The Science

The science behind M.E.G!

If you are thinking of buying/obtaining a puppy then essentially there are two areas you need to check out very carefully: they are the puppy’s genetic and environmental background. These two areas can be looked at in more detail if examined in relation to the effects they can have on a puppy before and after it is born. Essentially, a breeder will influence the future physical and mental development of a puppy; this can be a negative or positive influence.

Before the puppy is born:

A good breeder will only breed from a temperamentally sound Mum (and Dad) as nervousness or fearfulness can certainly be genetically inherited by being passed directly in the DNA from parent to off-spring (Dykaman et al, 1979, Murphree, 1973 and Dykaman at al, 1966). As you can see from the dates of these references this knowledge has been around for almost 50 years!

While greater emphasis is generally placed on Mum, it should be apparent that a puppy’s Dad will also have a behavioural contribution to make.

The take home message is: A canine Mum and/or Dad that is nervous, reckless or aggressive can pass these genetic traits unto their off spring. If the male is used as a stud dog then his genes could be far reaching. If either parent shows fear, anxiety or aggression then as a prospective dog owner you should ask yourself if you want to take on a puppy that may also have these traits (Ryan, 2013). Some puppies at 7-8 weeks of age may already be displaying nervous behaviour.

In addition, a reputable breeder will only breed from parents that have been tested for serious health conditions that are known to be passed genetically to their offspring. Some of the most common tests are: Hip and Elbow Dysplasia Scheme, Eye Screening and DNA tests for specific conditions in some breeds. See more at:

Now let’s examine the breeding environment: the first environmental factor that will determine a puppy’s temperament is whether it’s Mum is raised in a happy home.

Puppies prior to birth are suspended in a ‘hormonal soup’ in the womb. If a canine Mum is stressed, high levels of distress hormones (cortisol and adrenaline) will circulate through the placenta from Mum to her unborn puppies. Prenatal exposure to these hormones can lead to anxiety, fear and even aggression problems after birth (Horwitz et al, 2015). This is one of the reasons that puppy farms are one of the worst disservices we’ve ever done for dogs (Ryan, 2013).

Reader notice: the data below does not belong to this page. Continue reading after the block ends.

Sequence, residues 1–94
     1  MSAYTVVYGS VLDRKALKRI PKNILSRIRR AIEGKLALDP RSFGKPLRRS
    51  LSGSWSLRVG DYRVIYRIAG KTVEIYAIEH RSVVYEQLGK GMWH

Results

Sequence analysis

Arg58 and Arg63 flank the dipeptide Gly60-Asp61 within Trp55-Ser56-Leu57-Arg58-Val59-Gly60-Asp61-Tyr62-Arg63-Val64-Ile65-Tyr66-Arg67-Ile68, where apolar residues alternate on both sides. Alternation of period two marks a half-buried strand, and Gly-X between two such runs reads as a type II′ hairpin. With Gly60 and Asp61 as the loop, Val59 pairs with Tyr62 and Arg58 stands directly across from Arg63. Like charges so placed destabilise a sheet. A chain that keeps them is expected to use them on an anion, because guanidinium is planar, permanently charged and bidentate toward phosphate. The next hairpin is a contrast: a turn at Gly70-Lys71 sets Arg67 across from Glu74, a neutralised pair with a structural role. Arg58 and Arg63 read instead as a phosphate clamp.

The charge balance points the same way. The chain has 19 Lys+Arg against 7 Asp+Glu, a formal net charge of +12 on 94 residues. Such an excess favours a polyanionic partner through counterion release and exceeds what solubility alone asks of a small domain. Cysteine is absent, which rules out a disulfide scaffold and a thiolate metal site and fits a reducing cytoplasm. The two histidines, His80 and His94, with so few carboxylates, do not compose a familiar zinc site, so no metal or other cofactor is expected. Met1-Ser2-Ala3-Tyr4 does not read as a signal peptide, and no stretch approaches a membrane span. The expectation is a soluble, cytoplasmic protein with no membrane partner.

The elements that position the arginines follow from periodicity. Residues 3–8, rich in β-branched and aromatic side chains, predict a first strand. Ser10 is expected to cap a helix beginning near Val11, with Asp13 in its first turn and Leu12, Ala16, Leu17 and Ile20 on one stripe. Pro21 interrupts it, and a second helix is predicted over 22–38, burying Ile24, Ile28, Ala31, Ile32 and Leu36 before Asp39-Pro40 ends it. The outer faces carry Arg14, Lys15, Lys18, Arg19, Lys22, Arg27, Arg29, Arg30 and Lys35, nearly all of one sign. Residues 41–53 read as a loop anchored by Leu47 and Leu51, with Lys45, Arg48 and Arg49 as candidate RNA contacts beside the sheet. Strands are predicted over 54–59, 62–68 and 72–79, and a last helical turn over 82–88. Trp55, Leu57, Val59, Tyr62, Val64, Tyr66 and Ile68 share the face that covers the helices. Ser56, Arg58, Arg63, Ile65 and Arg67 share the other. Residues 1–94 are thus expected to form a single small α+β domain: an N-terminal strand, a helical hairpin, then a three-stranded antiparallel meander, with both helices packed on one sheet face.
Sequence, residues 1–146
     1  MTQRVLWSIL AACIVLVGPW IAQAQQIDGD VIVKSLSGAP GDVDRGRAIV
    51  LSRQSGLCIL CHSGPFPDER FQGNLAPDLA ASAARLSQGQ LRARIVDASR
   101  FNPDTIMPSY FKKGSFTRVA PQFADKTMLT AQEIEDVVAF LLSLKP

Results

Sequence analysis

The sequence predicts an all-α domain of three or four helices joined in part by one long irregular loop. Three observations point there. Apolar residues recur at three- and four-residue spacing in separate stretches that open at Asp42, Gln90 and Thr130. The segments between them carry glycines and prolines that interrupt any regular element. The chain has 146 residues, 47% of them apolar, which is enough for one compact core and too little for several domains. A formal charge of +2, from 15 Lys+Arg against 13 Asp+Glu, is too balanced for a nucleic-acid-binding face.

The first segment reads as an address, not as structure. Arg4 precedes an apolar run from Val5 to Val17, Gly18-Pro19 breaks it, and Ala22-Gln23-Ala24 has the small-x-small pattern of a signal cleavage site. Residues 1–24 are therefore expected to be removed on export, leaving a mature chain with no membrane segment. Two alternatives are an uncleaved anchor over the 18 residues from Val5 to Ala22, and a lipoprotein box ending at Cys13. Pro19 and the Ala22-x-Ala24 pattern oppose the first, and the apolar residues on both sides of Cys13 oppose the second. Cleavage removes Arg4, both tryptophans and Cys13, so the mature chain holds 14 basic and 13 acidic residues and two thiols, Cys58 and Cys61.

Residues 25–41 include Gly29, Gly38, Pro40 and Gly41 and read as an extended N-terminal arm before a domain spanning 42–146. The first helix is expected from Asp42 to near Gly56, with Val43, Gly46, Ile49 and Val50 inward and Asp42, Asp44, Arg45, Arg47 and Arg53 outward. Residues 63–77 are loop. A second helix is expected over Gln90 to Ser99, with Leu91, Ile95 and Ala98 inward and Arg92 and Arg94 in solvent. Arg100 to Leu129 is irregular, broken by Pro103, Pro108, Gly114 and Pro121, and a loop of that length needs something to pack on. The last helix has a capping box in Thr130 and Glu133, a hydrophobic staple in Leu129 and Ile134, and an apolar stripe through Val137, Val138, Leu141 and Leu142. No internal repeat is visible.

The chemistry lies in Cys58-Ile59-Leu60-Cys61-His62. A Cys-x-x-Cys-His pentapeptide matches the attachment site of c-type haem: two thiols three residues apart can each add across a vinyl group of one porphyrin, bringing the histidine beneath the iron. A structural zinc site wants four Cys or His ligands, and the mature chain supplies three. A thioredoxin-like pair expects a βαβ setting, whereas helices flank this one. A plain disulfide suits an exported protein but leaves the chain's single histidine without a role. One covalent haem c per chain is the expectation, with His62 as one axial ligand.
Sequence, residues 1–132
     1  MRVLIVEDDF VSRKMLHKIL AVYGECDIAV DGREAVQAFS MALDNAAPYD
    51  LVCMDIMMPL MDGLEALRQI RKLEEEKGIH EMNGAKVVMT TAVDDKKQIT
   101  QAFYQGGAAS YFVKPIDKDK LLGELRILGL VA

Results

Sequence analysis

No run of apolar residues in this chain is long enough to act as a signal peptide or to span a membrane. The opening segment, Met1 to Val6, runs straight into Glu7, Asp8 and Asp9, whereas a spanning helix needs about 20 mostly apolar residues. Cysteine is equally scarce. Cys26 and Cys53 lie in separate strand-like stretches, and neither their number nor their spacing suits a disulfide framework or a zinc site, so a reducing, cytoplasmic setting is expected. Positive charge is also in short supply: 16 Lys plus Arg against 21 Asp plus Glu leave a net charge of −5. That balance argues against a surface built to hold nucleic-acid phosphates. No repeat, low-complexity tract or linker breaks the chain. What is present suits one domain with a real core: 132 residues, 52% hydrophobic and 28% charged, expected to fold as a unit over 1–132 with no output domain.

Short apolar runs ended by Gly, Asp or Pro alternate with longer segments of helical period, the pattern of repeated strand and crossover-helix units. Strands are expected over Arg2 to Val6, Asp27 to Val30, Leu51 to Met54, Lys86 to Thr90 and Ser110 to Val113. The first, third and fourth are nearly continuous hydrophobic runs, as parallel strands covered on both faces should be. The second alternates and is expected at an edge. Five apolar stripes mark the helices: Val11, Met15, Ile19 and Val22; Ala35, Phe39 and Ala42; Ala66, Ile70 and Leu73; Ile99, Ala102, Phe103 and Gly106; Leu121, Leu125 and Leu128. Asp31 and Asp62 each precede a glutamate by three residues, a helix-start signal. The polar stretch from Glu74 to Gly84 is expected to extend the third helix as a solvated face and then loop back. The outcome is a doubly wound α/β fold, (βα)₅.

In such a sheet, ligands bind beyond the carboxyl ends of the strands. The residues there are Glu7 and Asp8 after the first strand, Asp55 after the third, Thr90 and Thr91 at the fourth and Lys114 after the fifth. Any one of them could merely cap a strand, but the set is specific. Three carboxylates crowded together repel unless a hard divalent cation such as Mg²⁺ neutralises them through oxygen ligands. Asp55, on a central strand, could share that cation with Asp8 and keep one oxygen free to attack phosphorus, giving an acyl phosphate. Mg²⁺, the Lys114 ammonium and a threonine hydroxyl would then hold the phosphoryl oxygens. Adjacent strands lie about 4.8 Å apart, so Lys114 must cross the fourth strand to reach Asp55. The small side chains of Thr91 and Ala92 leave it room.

There is another branch of science that looks at how the environment can influence the genes of animals. This branch is referred to as epigenetic inheritance. This process of inheritance occurs when various enzymes are released and affect the outside of the chromosome; that then affect how the gene within act. Unlike the DNA sequence (see Genetics above), epigenetic processes are not fixed and are strongly influenced by the environment and by exposure to external factors such as diet, living conditions, exercise, stress, chemicals, drugs and toxins. The influence can be positive and negative. For instance, positive factors such as good nutrition and enriched living conditions, can promote beneficial characteristics in an animal, whilst poor diet, chronic stress and traumatic events can promote damaging characteristics.

In other words, experiences and environmental exposures could change the way an animal’s DNA works (without changing the DNA within the gene itself) and this could be passed on to their offspring and amazingly offspring across several generations via sperm and eggs. Hence, what happens to a canine Mum during her lifetime may have consequences in future generations.

The take home message is: That a canine Mum needs to be in the centre of a loving family, not subject to undue stress or distress. Breeding from distressed mothers perpetuates the problem.

After the puppy is born: